"Victims' History": Its Value And Use In A Race-Conscious Society; New York As A Case Study
Diane Ravitch would propose that we not teach victims' history because it would only "become a tool to stir racial hatred."(2) It is her contention that if such a history is taught, children would be instructed to psychologically identify with their ancestors. Such an approach to education (especially from a multicultural perspective) she argues, would create a vicious cycle of hate, and eventually "destroy the bonds of mutuality and cohesion that our diverse society needs."(3)
Some scholars would differ with Ravitch in her rejection of victims' history. Their position rests on the assumption that if U.S. society is to truely reform and/or transcend in terms of race relations, then the descendents of the historically oppressed and oppressors need to confront that history. To continue to avoid to teach victims' history is to continue the self-denial of any connection with a historical past that laid the basis for the contemporary impasse in race relations. To avoid victims' history is to give students in general, but white students specifically, a false sense of guiltlessness for historical precedents. As the writers of a 1991 Newsweek article on race relations discovered, whites have no difficulty in disassociating themselves from the historical past of their fathers. One interviewee retorted to a query: "Historic discrimination wasn't imposed by the people [white] being passed over for promotion today. What did I have to do with slavery? Why is the little guy paying the cost?"(4)
More and more students are finding it easy to disassociate themselves from the unpleasantries of history. Of course it is a truism that one can lose sight of the future by getting bogged down in historical jargon. But it is even more of a truism that unless one uses history to avoid the mistakes of the past, the future may simply become a liteny of repeat performances. To avoid historical repetitiveness, in terms of race relations, students need to confront an aspect of victims' history that is very seldom touched upon, if at all, and that is the historical violence acted out by white America against African Americans and other people of color. To teach this aspect of the victims' history is to put the country on that path to a truely "kinder and gentler America." To teach victims' history is to acknowledge a continuity with events of the past; and it is a gesture of reconciliation to the victims of the sins of the fathers as well as a means towards a reclamation of a suppressed humility. But ultimately, to teach such a history is to put tomorrow's leaders in a stronger position to transcend the impediments in American race relations.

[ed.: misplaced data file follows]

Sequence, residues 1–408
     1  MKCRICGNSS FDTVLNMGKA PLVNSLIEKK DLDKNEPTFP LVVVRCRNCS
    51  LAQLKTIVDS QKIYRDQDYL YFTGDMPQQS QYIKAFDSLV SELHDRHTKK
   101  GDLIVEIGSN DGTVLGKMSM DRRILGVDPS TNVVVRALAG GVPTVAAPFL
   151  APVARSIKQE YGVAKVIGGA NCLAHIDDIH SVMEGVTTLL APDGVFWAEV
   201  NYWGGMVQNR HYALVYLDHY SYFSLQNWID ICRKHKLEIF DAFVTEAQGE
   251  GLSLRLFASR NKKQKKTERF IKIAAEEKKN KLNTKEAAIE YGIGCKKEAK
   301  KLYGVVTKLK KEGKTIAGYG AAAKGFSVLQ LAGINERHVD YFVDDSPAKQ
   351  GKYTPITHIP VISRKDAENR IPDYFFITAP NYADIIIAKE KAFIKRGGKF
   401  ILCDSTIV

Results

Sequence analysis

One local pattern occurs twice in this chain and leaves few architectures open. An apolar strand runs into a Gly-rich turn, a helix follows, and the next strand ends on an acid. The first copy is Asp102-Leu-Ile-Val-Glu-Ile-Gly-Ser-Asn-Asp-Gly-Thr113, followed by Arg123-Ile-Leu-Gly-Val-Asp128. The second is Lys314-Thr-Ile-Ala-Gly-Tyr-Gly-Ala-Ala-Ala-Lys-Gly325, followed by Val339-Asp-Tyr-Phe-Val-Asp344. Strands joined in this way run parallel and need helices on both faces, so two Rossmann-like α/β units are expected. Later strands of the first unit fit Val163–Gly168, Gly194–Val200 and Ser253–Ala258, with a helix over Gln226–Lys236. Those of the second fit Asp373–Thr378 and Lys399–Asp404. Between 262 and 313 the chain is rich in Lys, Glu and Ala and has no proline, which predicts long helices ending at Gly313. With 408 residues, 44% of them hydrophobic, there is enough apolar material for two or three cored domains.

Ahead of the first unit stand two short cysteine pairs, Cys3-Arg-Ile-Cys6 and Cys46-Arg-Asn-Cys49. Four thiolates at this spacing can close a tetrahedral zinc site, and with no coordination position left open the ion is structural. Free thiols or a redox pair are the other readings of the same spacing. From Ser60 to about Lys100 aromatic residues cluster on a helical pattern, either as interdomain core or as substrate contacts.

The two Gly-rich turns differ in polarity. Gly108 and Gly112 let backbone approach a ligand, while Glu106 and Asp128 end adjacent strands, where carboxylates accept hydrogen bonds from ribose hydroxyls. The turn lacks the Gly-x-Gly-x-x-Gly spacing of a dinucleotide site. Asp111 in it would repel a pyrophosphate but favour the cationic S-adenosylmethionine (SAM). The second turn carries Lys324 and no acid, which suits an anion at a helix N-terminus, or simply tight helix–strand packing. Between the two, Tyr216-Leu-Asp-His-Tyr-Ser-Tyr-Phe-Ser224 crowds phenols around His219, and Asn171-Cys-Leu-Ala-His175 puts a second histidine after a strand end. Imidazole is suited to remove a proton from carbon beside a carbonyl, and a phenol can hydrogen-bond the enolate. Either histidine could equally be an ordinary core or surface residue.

The value of such an approach to education is a heightened awareness among students of the legacy of human oppression that continues to weigh heavily on the American conscience, creating impediments to a clearer understanding of race relations. This approach to victim's history does not absolve African Americans [in this paper the victims] or any other people of color from historical acts of violence. Similar to white violence, acts of violence by people of color need to be examined in and taught from a historical perspective if we are to fathom the meaning and role of such violent acts in American history.
To teach victims' history, as argued by Ravitch, "would create a vicious cycle of hate." What she failed to mention in that statement is that just such "a vicious cycle of hate," on the part of whites, was the levelling force in New York race relations for over two hundred years of the state's history. It contributed, then, to the great schism in race relations between Blacks and whites, and its legacy, today, still haunts those relationships. But because of the passionate desire not to teach victims' history, serious impediments to bridging the increasing gulf between Black and white grow ever more insurmountable. …